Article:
Many applications from biological to financial and Web2.0 utilize in-memory databases because of their cutting-edge performance, often delivering several orders of magnitude faster response time than traditional relational databases. When these in-memory databases are moved to their own machines in a multi-tier application environment, they often can serve 10 million requests per second, and that’s turning all the dials to 11 on a high-end dual-processor server. Much of this is due to how applications communicate with the kernel and the network.
Last year, my team used one of these databases, Redis, we then bypassed the kernel, connected up a 100Gbps network, and took that 10 million requests per second to almost 50 million. Earlier this year we began working with Algo-Logic, Dell, and CC Integration to blow way beyond that 50 million target. At RedisConf2020 in May, Algo-Logic announced a 1U Dell server they’ve customized that can service nearly a half-billion requests per second. To process these requests, we’re spreading the load across two AMD EPYC CPUs and three Xilinx FPGAs. All requests are serviced directly from local memory using an in-memory key-value store system. For those requests serviced by the FPGAs, their response time is measured in billionths of a second. Perhaps we should explain how Algo-Logic got here, and why this number is significant.
Some time ago, a new form of databases came back into everyday use, and they were classified as NoSQL, because they didn’t use Structured Query language, and were non-relational. These databases rely on clever algorithmic tricks to rapidly store and retrieve information in memory; this is very different from how traditional relational databases function. These NoSQL systems are sometimes referred to as key-value stores. With these systems, you pass in a key, and a value is returned. For example, pass in “12345,” and the value “2Z67890” might be returned. In this case, the key could be an order number, and the value returned is the tracking number or status, but the point is you made a simple request and got back a simple answer, perhaps in a few billionths of a second. What Algo-Logic has done is they wrote an application for the Xilinx Alveo U50 that turns the 40 Gbps Ethernet port on this card into four smoking fast key-value stores each with access to the cards 8GB of High Bandwidth Memory (HBM). Each Alveo U50 card with Algo-Logics KVS can service 150 million requests per second. Here is a high-level architectural diagram showing all the various components:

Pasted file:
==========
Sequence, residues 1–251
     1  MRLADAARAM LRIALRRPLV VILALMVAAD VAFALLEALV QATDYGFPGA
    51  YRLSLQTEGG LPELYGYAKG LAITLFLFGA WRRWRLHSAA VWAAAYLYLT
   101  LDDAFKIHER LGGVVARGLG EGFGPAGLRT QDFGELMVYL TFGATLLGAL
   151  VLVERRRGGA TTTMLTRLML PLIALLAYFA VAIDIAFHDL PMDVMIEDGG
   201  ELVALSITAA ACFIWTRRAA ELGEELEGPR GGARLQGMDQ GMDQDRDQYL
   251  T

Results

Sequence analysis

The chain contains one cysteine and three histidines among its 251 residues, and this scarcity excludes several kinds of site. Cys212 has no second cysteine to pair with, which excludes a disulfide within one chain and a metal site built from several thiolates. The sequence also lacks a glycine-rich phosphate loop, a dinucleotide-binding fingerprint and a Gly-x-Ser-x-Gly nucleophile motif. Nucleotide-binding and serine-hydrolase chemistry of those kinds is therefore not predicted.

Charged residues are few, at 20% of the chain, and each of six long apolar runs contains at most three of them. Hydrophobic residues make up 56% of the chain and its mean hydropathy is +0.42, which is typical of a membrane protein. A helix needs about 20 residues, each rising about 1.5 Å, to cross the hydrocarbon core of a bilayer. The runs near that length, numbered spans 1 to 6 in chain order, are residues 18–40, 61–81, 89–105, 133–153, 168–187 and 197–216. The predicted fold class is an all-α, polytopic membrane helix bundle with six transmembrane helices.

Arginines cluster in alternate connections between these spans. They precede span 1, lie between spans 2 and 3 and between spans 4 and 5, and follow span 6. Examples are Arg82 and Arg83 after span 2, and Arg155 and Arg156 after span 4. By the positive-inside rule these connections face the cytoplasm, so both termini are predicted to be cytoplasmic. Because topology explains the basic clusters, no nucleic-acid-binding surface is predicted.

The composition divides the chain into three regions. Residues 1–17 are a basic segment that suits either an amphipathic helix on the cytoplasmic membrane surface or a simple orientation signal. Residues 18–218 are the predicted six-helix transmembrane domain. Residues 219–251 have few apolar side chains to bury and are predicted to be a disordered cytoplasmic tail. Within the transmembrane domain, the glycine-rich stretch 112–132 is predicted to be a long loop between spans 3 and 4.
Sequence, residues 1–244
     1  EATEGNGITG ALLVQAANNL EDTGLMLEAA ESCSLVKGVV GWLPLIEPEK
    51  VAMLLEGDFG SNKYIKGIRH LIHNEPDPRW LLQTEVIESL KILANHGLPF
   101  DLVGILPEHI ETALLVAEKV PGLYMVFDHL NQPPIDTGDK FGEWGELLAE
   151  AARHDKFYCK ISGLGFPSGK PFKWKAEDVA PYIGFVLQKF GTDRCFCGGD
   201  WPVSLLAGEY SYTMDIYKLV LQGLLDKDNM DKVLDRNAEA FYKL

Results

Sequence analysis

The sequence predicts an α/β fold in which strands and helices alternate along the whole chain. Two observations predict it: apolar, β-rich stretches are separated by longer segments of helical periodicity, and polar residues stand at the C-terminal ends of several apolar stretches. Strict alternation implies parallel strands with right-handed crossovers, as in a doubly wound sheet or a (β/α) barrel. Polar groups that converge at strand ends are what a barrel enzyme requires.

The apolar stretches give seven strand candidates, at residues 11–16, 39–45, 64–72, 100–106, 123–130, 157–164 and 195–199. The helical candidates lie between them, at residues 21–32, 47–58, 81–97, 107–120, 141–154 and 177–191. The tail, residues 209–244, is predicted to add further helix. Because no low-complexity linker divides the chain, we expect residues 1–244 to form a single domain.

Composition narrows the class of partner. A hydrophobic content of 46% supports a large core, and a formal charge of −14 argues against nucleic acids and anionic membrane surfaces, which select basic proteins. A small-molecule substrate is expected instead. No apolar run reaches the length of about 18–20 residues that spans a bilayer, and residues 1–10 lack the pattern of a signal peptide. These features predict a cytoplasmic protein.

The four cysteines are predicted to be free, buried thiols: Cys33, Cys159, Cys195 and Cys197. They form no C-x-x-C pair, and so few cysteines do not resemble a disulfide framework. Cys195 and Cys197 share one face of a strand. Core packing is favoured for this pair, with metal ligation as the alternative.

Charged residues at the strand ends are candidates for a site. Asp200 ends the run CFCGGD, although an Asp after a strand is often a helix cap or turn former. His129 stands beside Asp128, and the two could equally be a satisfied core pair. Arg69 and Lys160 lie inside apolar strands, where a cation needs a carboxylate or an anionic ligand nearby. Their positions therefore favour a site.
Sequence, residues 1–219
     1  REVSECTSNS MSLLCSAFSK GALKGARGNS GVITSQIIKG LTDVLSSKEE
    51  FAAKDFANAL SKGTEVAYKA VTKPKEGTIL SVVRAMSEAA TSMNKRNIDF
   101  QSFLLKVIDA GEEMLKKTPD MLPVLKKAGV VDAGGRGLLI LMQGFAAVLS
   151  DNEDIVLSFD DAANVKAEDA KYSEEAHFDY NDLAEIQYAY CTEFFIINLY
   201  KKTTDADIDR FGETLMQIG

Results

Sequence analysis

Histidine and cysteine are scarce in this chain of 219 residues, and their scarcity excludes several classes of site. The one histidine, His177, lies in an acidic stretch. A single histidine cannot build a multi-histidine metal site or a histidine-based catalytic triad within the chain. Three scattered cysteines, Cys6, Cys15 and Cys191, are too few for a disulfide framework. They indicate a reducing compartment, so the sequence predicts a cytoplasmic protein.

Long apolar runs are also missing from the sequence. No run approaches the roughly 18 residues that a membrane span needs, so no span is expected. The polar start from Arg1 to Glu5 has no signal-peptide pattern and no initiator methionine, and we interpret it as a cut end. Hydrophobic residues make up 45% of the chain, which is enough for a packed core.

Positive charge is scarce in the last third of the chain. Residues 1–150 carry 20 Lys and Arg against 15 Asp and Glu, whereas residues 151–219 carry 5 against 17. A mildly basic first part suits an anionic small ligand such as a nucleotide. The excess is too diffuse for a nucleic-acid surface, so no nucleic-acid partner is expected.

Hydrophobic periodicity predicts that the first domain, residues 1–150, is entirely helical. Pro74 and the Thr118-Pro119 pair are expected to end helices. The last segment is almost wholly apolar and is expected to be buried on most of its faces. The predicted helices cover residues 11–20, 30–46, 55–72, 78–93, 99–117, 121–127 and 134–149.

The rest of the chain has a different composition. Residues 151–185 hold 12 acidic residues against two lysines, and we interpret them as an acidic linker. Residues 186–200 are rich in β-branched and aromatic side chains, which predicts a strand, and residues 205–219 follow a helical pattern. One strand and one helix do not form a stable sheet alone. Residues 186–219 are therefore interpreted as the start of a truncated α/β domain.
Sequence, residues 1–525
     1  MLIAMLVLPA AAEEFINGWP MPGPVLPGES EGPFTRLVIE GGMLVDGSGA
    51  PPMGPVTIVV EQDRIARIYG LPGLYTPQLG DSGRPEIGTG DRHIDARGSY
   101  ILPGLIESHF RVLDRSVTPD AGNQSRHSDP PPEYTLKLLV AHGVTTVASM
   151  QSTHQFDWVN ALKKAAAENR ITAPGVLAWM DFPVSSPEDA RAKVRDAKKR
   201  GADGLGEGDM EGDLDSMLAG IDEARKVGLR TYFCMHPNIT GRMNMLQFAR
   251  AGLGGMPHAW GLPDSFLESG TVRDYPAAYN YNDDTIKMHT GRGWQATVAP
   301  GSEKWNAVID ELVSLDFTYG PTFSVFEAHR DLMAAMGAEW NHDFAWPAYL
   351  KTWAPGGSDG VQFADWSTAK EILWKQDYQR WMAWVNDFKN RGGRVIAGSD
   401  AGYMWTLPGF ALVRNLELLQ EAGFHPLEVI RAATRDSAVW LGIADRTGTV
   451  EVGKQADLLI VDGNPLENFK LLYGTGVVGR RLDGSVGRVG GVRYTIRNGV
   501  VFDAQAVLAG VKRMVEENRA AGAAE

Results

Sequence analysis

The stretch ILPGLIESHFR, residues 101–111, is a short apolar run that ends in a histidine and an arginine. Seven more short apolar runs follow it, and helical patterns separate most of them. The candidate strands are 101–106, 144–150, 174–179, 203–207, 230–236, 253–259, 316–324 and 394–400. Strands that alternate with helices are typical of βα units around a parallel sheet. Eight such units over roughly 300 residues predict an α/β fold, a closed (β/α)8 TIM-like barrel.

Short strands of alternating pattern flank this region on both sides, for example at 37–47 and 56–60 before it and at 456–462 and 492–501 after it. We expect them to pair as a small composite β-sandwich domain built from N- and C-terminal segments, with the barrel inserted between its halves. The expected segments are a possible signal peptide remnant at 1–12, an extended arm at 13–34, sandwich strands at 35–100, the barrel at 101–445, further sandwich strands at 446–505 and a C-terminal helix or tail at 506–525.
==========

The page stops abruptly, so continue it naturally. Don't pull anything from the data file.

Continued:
There are five production network ports on the back of the server, three 40Gbps and two 25Gbps. Each of the Xilinx Alveo U50 cards has a single 40Gbps port, and the dual 25Gbps ports are on an OCP-3 form factor card called the Xilinx XtremeScale X2562 which carries requests into the AMD EPYC CPU complex. Algo-Logic’s code running in each of the Xilinx Alveo cards breaks the 40Gbps channel into four 10Gbps channels and processes requests on each individually. This enables Algo-Logic to make the best use possible of the FPGA resources available to them.
Furthermore, to overcome network overhead issues, Algo-Logic has packed 44 get requests into a single 1408 byte packet. For those familiar with Redis, this is similar to an MGET, multiple get, request. Usually, a single 32-byte get request can easily fit into the smallest Ethernet payload, which is 40 bytes, but then Ethernet adds an additional 24-bytes of routing and a 12-byte frame gap — using a single request per-packet results in networking overhead consuming 58% of the available bandwidth. This is huge, and can clearly impact the total request per second rate. Packing 44 requests of 32 bytes each into a single packet means that the network overhead drops to 3% of the total bandwidth, which means significantly greater requests per second rates.
What Algo-Logic has done here is extraordinary. They’ve found a way to tightly link the 8GB of High Bandwidth Memory on the Xilinx Alveo U50 to four independent key-value store instances that can service requests in well under a micro-second. To learn more consider reaching out to John Hagerman at Algo-Logic Systems, Inc.